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Kendrick Lamar’s The Heart Part 4 was an opening salvo on fellow rappers announcing not only his return to rap but the advent of his fourth album. Not since Kendrick laid a guest verse on Big Sean’s Control have we seen this type of aggression come from the Compton MC.

“DAMN. is an album that captures not just the frustration of an artist but the collected thoughts, worries, pain, and fear of a generation. The hope is that we ultimately come together in a triumph of persistence in the face of certain doubt. This album may have been Kung-Fu Kenny’s introduction, but it was Kendrick the philosopher rhyming to us all along.”

Albeit, The Heart Part 4 didn’t make the cut for his fourth studio album titled DAMN., but the loss of the track is understandable once you take a dangerous, lustful, brash, and introspective journey through the world as Kung Fu Kenny sees it. If you were disappointed by his two previous releases, To Pimp A Butterfly and Untitled Unmastered — he artist dabbled in space funk, and jazz-tinged melodies — then you’ll be in for a treat since this is effectively the evolution of the gritty 20-something we last saw on Good Kid, M.A.A.D. City.

“Hail Mary, Jesus and Joseph/
The great American flag is wrapped and dragged with explosives/
Compulsive disorder, sons and daughters/
Barricaded blocks and borders/
Look what you taught us.”

Across the entire album, there’s plenty of dynamic assistance on the boards from producers such as Soundwave, DJ Dahi, Mike Will Made It, and virtuoso Ricci Riera who built the beats. TDE’s label head, Anthony “Top Dawg” Tiffith also brought in the likes of The Alchemist and 9th Wonder on the team. Their talents make an album coming together make for an album that’s already an instant classic for fans of real hip hop.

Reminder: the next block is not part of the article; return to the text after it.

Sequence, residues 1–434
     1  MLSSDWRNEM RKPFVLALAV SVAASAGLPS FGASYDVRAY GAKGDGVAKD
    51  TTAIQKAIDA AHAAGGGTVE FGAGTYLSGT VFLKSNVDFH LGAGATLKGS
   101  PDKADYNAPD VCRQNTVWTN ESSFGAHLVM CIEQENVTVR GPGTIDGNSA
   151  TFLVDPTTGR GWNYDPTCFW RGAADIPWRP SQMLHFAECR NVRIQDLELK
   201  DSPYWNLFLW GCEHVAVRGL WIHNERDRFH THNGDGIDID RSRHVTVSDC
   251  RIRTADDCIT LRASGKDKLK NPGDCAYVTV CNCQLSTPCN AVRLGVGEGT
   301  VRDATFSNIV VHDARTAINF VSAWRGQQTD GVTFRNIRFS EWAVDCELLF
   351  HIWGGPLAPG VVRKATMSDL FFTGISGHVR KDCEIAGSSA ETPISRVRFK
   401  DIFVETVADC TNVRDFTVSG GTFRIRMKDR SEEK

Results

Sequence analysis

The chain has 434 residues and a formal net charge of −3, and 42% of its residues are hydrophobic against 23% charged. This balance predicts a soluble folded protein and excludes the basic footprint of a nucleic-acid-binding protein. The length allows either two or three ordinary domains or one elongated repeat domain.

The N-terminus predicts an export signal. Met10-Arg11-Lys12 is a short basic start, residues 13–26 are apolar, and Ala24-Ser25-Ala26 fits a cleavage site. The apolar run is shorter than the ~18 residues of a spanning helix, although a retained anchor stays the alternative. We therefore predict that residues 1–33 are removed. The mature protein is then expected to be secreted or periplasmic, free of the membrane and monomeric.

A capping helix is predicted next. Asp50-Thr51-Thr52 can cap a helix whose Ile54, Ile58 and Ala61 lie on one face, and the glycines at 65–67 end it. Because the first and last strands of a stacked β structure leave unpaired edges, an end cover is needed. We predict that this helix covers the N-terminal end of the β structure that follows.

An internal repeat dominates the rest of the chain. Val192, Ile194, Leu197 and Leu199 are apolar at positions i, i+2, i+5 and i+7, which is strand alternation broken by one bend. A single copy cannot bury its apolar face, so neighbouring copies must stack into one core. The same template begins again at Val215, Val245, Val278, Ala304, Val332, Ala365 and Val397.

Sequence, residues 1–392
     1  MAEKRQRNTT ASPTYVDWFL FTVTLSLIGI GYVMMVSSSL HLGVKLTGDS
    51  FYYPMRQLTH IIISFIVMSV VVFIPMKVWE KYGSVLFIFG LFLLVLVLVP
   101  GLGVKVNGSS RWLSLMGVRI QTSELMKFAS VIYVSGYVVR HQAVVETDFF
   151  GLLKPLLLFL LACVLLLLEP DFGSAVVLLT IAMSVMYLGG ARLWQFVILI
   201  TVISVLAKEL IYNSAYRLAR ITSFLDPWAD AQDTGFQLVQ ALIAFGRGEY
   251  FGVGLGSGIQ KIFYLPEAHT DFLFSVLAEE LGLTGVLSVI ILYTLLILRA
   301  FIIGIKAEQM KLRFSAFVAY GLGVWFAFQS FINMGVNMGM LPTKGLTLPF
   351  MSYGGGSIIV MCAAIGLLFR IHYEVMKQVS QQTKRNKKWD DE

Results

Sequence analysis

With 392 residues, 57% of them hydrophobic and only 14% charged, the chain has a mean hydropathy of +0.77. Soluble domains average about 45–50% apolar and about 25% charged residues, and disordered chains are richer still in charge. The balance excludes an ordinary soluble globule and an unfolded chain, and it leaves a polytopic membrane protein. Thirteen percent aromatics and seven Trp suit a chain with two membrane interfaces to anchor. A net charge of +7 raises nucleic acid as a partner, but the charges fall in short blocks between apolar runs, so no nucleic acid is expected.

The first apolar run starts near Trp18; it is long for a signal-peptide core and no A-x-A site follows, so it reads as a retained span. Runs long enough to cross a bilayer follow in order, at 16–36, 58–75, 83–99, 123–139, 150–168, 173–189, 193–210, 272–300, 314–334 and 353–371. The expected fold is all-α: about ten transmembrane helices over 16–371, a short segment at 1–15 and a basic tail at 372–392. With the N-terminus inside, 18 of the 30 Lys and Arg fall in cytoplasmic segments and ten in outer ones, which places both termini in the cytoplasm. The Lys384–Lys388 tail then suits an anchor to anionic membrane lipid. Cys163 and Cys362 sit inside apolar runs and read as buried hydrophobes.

DAMN., for the most part, is an incessant jab masterfully thrown from a boxer who knows he’s the best — but wants other rappers to try their luck for his own amusement. Lamar also jabs at targets that range from the likes of Geraldo Rivera, his Fox News cohorts, top rappers, and anyone who dares to touch anyone he loves. With an almost-breathless flow filled with multi-syllable rhymes, he lays down verses that drip with venom towards anyone who dares to challenge his claim of being “the greatest rapper alive.”

On ELEMENT., Lamar betrays a scathing perspective on his last musical venture, and particularly, anyone who mistook his kindness for weakness: “Last LP, I tried to lift up black artists / But there’s a difference between black artists and wack artists.” With LOYALTY. we see KDot linking up with pop princess Rihanna over a beat laid by hitmaker DJ Dahi. This track emphasizes the merits of placing your faith in a higher power over the pursuit of earthbound baubles. However, Kid Capri reminds us all with a booming voice that could be from God himself that “What happens on Earth stays on Earth!”

The album’s last song DUCKWORTH., is a true-life tale of how the butterfly effect of something as innocuous as giving out free food to gain favor can very well save one’s life. With chopped vocal samples of electronic band Hiatus Kaiyote, 9th Wonder crafts a schizophrenic landscape for Kendrick to take us on a journey of fate.

Long ago his father, who worked at a fast food restaurant, had his life spared by TDE boss Top Dawg when the eatery was knocked over. Kendrick makes the album come full circle in the style of Usual Suspects. We are given a rundown of events that very well could have ended with Lamar losing his father, and falling into gang life. The gunshot heard at the end of the album takes us right back to square one where the album began. Effectively, the album began with Kendrick being killed by what we can believe as bad fortune of his own, only to survive at the climax of the album due to the good fortune of his father.

DAMN. is an album that captures not just the frustration of an artist but the collected thoughts, worries, pain, and fear of a generation. The hope is that we ultimately come together in a triumph of persistence in the face of certain doubt. This album may have been Kung-Fu Kenny’s introduction, but it was Kendrick the philosopher rhyming to us all along. DAMN., is exactly what we need right now, an album where a rap god with limitless creative talent reminds us all that he is still just a man.

About the Author

Sneaker aficionado, 1980's connoisseur, and an all around awesome guy. At least that's what my fiance thinks.

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